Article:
Italy’s Milk, Please! has already enabled homeowners to crowdsource last minute groceries when they find they’ve run out. Now Rosie is a platform for food shopping that learns users’ purchase routines to deliver items when they need them.
Shoppers signing up for the New York-based service first enter details about their household – how many people live there, their age and sex, and information about their regular buying habits. They can then browse items in the store and add them to their basket as they would with any other e-retail outlet. Purchased items are saved at a grocery store close to the user’s location and they can pick them up in their own time. Through the Rosie app, consumers are alerted when they might be running out of a particular item based on smart algorithms and their purchase histories. The service automatically finds the cheapest price for the item and reserves it in a nearby store. Alternatively – through Rosie’s partnership with personal errand service TaskRabbit – users can get someone to pick up their items for them.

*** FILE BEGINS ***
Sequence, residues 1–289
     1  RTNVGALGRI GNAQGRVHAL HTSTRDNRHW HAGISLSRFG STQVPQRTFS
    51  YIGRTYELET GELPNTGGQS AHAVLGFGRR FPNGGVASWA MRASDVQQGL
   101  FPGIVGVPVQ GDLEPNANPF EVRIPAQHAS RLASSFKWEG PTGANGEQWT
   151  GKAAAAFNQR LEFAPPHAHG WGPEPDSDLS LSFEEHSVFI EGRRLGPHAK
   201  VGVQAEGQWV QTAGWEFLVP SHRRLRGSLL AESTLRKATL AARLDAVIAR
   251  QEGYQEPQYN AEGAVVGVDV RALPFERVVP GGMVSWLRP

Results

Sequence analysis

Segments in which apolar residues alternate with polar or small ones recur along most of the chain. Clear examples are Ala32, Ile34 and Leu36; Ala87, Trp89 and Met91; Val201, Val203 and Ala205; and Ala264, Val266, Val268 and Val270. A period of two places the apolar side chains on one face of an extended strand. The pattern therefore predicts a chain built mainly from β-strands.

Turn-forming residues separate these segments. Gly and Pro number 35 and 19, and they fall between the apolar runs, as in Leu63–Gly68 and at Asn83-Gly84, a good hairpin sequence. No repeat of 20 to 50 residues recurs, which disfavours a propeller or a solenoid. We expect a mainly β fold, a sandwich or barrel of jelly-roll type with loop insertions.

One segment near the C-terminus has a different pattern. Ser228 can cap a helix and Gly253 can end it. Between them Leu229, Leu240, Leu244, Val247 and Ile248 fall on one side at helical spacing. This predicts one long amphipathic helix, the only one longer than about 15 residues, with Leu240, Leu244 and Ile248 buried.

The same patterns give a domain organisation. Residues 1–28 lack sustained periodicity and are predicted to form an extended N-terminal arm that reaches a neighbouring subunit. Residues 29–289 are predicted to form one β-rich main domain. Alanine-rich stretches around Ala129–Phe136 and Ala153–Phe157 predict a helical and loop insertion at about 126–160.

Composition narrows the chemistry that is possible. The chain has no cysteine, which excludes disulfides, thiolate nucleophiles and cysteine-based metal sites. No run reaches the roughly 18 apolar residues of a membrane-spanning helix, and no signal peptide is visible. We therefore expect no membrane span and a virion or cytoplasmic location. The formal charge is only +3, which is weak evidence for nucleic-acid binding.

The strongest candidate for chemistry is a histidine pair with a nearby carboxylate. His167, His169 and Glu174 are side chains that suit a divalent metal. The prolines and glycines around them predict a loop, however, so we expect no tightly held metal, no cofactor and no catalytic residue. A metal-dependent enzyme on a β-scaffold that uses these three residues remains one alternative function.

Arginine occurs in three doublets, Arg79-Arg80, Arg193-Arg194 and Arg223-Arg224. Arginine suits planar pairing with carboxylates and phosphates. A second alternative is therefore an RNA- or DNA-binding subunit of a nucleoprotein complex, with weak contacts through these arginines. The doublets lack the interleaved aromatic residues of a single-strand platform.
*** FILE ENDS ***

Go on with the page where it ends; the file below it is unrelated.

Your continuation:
This kind of innovation – along with ideas such as smart fridges – could help take the pressure off the busy modern family. How else could daily chores be streamlined and made easier?